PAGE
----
Jerusalem Crickets

They’re scary ugly insects—and huge!—but they’re ultimately good guys.
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Jerusalem cricket

The Jerusalem cricket isn’t the prettiest insect around, but don’t hold that against it. Dr. Lynn Kimsey, professor of entomology and director of the Bohart Museum of Entomology at UC Davis, shares some insights on these harmless (even beneficial) creatures.

We can’t all be supermodels. It might be its giant bald head and beady eyes, or it could be its long, shiny body, which can grow up to a few inches in length, that freaks people out. The Jerusalem cricket looks nothing like other insects we’re familiar with, but it is a relative of standard grasshoppers and crickets, which may have gotten the better end of the gene pool when it comes to physical beauty.

Why are we so afraid of them? “There’s a great deal of survival value in avoiding things you fear. As humans, we fear things we don’t understand. So it may seem silly, but the wiring’s pretty deep and pretty profound. You almost have to learn out of that,” says Kimsey.

Owls love them. Every living creature plays an important role in the ecosystem. One student’s research on owl pellets at UC Davis revealed owls rely heavily on Jerusalem crickets as an important food source during the winter months, says Kimsey. Because they’re packed with protein, other animals—including foxes, coyotes, birds and mountain lions—consume them, too.

My, what big jaws you have! Jerusalem crickets are omnivores, feasting on other insects and lots of plant material. Kimsey says they need those powerful jaws (and a big head to support them) to chew up plant matter and roots. “They have no venom. They are absolutely harmless, unless you are foolish enough to put your finger between their jaws,” she says. They can deliver a painful bite if they’re provoked. But look at it this way: Your neighbors can bite, too. But they probably won’t. The same goes for the Jerusalem cricket.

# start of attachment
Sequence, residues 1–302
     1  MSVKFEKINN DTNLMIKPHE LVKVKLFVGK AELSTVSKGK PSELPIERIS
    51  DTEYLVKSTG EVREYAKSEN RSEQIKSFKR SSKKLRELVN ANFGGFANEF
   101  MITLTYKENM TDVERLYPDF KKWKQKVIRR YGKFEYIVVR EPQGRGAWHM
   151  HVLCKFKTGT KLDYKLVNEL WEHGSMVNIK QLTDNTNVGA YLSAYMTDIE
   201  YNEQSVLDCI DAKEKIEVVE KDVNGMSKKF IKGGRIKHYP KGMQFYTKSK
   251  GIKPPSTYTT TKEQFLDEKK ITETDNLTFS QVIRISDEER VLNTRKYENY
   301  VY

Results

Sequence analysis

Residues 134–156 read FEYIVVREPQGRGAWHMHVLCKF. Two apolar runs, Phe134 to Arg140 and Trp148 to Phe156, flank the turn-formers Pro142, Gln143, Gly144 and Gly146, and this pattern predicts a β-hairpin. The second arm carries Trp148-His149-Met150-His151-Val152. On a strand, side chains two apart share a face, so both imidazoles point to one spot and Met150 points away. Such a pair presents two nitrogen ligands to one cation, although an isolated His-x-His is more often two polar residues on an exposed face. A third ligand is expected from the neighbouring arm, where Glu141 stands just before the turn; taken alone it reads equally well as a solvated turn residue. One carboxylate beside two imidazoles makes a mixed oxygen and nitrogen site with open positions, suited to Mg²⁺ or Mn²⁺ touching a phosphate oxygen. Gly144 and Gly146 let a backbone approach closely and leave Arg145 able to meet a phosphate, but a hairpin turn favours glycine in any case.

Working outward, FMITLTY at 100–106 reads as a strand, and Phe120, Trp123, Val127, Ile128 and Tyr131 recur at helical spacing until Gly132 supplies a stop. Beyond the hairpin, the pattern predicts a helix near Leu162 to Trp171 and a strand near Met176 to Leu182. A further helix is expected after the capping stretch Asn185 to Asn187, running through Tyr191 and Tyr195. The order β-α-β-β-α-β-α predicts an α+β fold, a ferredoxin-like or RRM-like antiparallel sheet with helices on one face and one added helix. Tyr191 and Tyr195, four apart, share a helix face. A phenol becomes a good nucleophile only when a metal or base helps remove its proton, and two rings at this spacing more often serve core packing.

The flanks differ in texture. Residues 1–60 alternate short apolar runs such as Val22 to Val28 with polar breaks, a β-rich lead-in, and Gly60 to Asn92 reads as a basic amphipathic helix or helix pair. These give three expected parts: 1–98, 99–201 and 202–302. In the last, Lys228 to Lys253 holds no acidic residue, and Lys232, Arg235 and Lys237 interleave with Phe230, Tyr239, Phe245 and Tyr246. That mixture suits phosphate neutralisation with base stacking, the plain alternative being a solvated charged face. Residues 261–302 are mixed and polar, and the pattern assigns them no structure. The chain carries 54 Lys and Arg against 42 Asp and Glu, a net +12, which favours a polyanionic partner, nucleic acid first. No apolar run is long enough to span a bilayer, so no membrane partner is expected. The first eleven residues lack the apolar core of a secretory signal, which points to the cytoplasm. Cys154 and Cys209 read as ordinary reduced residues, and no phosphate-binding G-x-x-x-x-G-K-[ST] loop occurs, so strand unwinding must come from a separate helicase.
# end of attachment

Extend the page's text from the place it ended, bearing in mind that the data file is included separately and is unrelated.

They have their own love language. Jerusalem crickets rapidly drum their abdomens against the ground during mating, normally at night. One drums first, the potential mate responds and they continue drumming until they locate each other. According to the KQED program “Deep Look,” each species of Jerusalem cricket has its own drumming pattern, and they respond only to their own species. Their drumming is so loud, it can be heard up to 50 feet away, according to “Deep Look.” That makes for a great opportunity for kids to use their senses to engage with the natural world and explore animal behavior.

Uh-oh! The GPS isn’t working! These underground dwellers normally come out at night. When they’re wandering, they might take a wrong turn and end up somewhere like your garage. They don’t want to be there, and Kimsey says they certainly can’t live there. If you find one unearthed, do what Kimsey does: “I just scoop it up in a cup and put it outside under a shrub.” She assures you it won’t lunge at your shoe.

If you live in the city, you aren’t likely to see one, as we’ve uprooted them from our urbanized centers by destroying their habitat. But they still remain in regions where their habitat is less disturbed, says Kimsey, such as Winters and communities closer to the foothills like Folsom.